6. Mark Webber believes his strategy gives him an excellent opportunity to win the Indian Grand Prix, but admits it is very hard to predict whose tyre tactics will pay off.

    On a weekend when the softer tyre is only lasting a few laps while the medium option shows great longevity, Webber is the highest-placed starter on the more durable Pirellis.

    His polesitting Red Bull team-mate Sebastian Vettel and the two Mercedes ahead all qualified on softs.

    Webber is four places ahead of next-highest medium tyre starter Fernando Alonso.

    Asked if he felt that gave him a shot at winning the race, Webber replied: “Yeah. It needs everything to go right. You have a chance to be in a good position at the end.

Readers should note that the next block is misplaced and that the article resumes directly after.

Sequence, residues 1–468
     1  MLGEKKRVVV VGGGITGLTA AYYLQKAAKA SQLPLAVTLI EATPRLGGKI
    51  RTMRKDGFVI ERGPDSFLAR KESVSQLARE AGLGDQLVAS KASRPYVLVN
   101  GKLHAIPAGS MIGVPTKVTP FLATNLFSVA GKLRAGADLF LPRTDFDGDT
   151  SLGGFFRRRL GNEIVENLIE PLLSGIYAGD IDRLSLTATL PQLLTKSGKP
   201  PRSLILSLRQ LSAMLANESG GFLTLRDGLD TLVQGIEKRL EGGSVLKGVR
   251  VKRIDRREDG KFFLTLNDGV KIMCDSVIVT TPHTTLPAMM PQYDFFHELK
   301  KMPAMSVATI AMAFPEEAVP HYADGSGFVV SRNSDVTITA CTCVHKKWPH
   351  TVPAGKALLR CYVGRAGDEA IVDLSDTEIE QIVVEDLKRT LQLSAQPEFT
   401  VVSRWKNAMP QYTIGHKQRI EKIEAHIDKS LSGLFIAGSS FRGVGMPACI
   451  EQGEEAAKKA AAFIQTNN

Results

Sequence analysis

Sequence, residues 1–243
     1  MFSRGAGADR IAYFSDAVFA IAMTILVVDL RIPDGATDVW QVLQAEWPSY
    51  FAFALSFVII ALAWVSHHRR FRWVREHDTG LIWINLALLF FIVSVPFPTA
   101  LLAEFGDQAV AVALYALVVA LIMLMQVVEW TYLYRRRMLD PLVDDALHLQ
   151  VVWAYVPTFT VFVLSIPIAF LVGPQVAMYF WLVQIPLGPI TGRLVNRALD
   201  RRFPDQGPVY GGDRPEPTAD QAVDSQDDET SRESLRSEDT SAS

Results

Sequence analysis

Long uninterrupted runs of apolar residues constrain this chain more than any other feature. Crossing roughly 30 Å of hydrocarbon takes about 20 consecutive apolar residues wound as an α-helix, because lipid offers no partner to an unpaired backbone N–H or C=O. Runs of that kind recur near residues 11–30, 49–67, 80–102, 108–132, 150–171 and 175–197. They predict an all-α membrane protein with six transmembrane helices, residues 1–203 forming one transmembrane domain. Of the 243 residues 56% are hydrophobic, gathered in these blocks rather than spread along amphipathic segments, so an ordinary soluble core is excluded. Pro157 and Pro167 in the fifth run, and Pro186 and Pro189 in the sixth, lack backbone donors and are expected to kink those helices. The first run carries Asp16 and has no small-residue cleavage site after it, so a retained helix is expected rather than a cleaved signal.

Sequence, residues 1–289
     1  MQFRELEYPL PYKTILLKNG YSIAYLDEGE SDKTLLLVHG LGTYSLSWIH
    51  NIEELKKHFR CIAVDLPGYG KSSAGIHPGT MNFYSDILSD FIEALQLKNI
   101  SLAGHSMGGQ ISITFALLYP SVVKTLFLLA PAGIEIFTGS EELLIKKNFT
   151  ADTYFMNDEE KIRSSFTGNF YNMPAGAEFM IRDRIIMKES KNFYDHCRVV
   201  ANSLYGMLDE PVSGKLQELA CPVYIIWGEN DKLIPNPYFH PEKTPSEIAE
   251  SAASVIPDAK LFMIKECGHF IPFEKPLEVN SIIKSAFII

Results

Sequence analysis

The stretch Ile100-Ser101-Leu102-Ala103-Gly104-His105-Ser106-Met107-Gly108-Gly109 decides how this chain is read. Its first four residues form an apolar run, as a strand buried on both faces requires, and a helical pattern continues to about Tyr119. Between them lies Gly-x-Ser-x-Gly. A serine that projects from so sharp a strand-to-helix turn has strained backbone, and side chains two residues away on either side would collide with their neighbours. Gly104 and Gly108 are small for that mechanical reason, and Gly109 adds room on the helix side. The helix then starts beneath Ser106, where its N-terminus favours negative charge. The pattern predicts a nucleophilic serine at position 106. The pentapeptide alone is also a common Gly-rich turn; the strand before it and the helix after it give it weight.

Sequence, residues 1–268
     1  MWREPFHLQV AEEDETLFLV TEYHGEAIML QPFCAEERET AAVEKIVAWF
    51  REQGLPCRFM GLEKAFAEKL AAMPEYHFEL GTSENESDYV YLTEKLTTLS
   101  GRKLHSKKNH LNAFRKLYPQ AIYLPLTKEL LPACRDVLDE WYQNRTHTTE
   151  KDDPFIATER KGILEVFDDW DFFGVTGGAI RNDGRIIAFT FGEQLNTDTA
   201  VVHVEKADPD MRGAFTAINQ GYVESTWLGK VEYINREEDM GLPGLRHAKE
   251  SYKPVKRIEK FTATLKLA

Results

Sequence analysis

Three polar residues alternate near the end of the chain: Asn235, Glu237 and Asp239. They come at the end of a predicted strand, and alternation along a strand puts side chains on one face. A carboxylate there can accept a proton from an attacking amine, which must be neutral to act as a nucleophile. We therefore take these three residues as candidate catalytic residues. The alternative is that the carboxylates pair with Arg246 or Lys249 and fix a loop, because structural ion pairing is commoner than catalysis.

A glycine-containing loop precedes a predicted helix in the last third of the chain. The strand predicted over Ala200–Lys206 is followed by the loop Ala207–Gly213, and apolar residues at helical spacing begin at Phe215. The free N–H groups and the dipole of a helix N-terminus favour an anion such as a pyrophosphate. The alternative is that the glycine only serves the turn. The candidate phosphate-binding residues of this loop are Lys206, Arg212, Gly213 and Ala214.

“But, you cannot really say how the race is going to unfold in terms of tactics. And how we saw [Romain] Grosjean in the middle of Suzuka, where did that come from? It only takes one guy to stop you winning.

    “You don’t know how clean a run you will have you come out of the pits, so that is a big factor in it.

    “You would think that the guy on the harder tyre should have a cleaner first 20 laps in the race, but if he has a clean run back through then the [driver on the] option is still pretty good.”

    Webber admitted that the laptime deficit to Vettel was not all due to tyre choice.

    “I would probably be a tenth and a half off Seb – so it was still a pretty good lap,” he said.

    “To be eight or nine tenths clear of some others guys on the prime was good, as I felt we weren’t as competitive on the prime to be honest.”